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New York Matrimonial Trial Handbook

The New York Matrimonial Trial Handbook by Joel R. Brandes is available online in the print edition at the Bookbaby Bookstore and other bookstores. It is now available in Kindle ebook editions and epub ebook editions in our website bookstore. It is also available at Amazon Kindle, Barnes & Noble and Goodreads.

The New York Matrimonial Trial Handbook was written for both the attorney who has never tried a matrimonial action and for the experienced litigator. It is a “how to” book for lawyers. This 836 page handbook focuses on the procedural and substantive law, as well as the law of evidence, that an attorney must have at his or her fingertips when trying a matrimonial action. It is intended to be an aid for preparing for a trial and as a reference for the procedure in offering and objecting to evidence during a trial. The handbook deals extensively with the testimonial and documentary evidence necessary to meet the burden of proof. There are thousands of suggested questions for the examination of witnesses at trial to establish each cause of action and requests for ancillary relief, as well as for the cross-examination of difficult witnesses. Table of Contents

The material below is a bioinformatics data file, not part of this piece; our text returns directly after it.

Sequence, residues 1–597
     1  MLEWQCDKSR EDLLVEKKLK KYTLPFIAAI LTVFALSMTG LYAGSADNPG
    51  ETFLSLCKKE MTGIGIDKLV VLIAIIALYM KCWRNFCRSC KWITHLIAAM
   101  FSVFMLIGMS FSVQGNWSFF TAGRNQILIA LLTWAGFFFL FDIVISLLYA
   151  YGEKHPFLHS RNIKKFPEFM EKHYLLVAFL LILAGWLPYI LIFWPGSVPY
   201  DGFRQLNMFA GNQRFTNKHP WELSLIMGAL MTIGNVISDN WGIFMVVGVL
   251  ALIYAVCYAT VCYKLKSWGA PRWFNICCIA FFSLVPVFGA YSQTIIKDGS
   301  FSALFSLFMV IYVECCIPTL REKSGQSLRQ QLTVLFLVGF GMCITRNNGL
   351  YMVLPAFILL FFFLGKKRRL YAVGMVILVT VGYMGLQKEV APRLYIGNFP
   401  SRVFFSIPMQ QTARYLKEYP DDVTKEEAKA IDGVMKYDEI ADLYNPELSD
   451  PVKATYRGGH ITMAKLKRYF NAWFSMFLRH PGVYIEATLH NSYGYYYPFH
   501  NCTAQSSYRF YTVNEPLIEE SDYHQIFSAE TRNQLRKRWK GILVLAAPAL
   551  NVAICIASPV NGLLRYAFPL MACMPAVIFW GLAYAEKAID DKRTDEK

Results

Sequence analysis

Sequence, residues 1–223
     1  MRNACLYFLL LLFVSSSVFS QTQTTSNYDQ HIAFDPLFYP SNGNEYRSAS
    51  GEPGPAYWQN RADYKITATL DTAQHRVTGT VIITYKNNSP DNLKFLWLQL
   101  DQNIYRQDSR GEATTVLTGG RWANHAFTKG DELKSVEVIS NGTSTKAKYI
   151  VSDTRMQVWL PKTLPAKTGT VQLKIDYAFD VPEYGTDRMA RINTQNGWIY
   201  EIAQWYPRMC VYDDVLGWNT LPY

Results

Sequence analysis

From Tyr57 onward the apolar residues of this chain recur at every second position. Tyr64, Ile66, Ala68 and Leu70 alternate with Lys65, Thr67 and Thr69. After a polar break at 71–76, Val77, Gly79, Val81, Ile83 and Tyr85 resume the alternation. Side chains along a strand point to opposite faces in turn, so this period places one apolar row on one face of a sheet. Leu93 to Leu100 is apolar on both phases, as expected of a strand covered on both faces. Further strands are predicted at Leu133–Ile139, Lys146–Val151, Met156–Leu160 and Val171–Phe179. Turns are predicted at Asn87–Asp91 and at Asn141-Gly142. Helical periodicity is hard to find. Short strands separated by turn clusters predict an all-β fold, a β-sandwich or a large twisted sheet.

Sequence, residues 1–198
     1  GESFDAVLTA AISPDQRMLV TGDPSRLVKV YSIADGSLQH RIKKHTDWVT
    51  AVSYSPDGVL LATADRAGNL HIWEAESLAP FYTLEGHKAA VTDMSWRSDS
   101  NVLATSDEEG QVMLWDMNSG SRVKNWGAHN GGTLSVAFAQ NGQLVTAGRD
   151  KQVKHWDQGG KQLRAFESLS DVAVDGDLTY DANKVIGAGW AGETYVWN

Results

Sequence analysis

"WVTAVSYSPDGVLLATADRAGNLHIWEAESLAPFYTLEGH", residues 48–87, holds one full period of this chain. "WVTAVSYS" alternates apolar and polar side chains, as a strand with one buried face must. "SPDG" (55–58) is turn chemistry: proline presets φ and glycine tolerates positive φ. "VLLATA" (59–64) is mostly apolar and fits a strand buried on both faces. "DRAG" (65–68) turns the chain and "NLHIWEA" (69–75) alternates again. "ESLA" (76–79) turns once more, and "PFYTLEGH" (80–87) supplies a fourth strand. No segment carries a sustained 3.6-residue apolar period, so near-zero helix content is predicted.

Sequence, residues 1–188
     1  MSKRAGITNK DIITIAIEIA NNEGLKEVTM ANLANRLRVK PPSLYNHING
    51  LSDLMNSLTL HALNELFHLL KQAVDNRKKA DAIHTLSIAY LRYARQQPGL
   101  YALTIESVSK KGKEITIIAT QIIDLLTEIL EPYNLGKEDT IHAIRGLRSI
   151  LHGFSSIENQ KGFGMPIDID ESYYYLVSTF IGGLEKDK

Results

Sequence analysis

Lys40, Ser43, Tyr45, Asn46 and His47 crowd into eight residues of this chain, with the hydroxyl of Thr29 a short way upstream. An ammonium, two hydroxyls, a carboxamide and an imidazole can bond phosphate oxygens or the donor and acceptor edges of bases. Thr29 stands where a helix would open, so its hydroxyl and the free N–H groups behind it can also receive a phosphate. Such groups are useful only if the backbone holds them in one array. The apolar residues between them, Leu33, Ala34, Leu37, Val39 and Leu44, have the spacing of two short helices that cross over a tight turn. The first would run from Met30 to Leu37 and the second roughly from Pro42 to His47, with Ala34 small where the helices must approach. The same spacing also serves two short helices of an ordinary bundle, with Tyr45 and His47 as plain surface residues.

Sunday, May 25, 2008

3d Dept Holds No Interim Counsel Fee witout a Hearing

Third Department Holds That Absent Stipulation No Pendente Lite Counsel Fee Award Without A Hearing
In Bush v Bush, 46 A.D.3d 1140, 848 N.Y.S.2d 721 (3d Dept, 2007) Defendant cross-moved for among other things, interim counsel fees in the amount of $85,172.81. Supreme Court awarded defendant interim counsel fees of $25,000. The Appellate Division reversed. It held that to justify an award of counsel fees, a sufficient evidentiary basis must exist for the court to evaluate the respective financial circumstances of the parties and value of the services rendered' Moreover, Supreme Court cannot award counsel fees based solely upon written submissions, unless so stipulated to by the parties. The proof submitted concerning the financial circumstances of the parties was limited to written submissions by respective counsel. As the record
did not contain evidence of a stipulation agreeing thereto, the proof of the financial circumstances of the parties was inadequate for Supreme Court to properly assess the award of counsel fees. The Appellate Division reversed and remitted to Supreme Court for an evidentiary hearing (citing its 2003 decision in Yarinsky v.Yarinsky, 2 A.D.3d 1108 [3 Dept 2003] ).

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